Tooth, glass and maggots among 'foreign objects' found in food reported to watchdog
A tooth, a strand of hair, a wasp and maggots were just some of the items found in food products last year, according to the Food Safety Authority of Ireland (FSAI).
The FSAI released a report today, detailing that their advice line handled over 3,400 customer complaints last year, an average of 10 complaints a day.
This was an increase of 6pc compared to 2016.
The FSAI states that the categories of complaints were as follows:
· 1,233 complaints on unfit food
· 896 complaints on hygiene standards
· 808 complaints on suspect food poisoning
· 183 complaints on incorrect information on food labelling
· 103 complaints on non-display of allergen information
· 102 other
The FSAI revealed that consumers frequently complain about their food being contaminated with foreign objects.
"Examples of complaints received included chewing gum being reported several times as being present in a number foods including sandwich wraps; scrambled egg from a breakfast buffet; and in takeaway rice," the report reads.
"Other foreign objects found in foods were a long black hair in a sandwich; rodent droppings in a bag of crisps; a tooth in a takeaway dish; larvae in jar of beetroot; a piece of glass in a smoothie; maggots in mashed potato; and a wasp in a packet of rashers."
Rats, mice and flies on food premises were all reported to the FSAI.
The reportedly poor personal hygiene habits of staff were also flagged, such as chefs "wiping their noses while preparing sandwiches" and others "picking up and using food that had been dropped on the floor".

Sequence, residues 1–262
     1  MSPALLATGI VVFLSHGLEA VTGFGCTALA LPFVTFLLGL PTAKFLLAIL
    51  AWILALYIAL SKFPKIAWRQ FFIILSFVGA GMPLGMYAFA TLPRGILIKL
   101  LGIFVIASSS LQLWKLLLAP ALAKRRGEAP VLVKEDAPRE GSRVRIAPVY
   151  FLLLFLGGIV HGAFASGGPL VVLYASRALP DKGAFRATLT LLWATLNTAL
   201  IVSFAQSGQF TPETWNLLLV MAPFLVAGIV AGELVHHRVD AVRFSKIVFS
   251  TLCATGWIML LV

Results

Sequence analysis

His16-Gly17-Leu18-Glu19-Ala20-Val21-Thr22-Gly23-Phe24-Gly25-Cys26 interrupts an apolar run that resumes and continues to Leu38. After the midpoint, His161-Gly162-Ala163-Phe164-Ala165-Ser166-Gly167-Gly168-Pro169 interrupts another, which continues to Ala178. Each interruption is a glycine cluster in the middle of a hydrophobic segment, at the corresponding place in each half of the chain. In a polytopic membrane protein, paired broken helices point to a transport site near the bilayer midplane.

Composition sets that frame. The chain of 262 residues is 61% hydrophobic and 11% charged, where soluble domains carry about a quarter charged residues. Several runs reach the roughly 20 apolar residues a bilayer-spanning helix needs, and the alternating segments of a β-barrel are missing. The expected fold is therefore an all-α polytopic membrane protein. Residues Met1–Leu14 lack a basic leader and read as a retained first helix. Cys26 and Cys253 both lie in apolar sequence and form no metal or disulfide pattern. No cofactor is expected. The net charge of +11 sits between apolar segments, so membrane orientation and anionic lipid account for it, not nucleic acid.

The non-display of allergen information accounted for 42pc of complaints last year, while objections against incorrect information on food related to 17pc.
FSAI inspectors followed up and looked into all of the complaints they received last year.
They said their advice line also offers advice and information for people in the industry and they received 9,576 queries in 2017, the most commonly asked question related to legislation for food labelling and information for new businesses.
Dr Pamela Byrne, Chief Executive, FSAI commented: "Having people spotting and reporting inappropriate and unsafe food and practices greatly aids our work and provides us with information that we can act upon.
"The year on year increase in our Advice Line statistics reflect a continued trend where consumers are showing they have zero-tolerance when it comes to poor food safety and hygiene standards in food products and in food premises.
"In 2017, we undertook a nationwide campaign to raise awareness of the importance and legal requirement for allergen information to be displayed and communicated accurately to consumers in food service establishments.
"We are seeing consumers becoming more aware and having a greater understanding of what they should expect from food establishments in Ireland.”
- The FSAI Advice Line runs from 9am until 5pm weekdays and is operated by trained advisors and food scientists and can be reached at firstname.lastname@example.org or through the ‘make a complaint’ section of the FSAI website.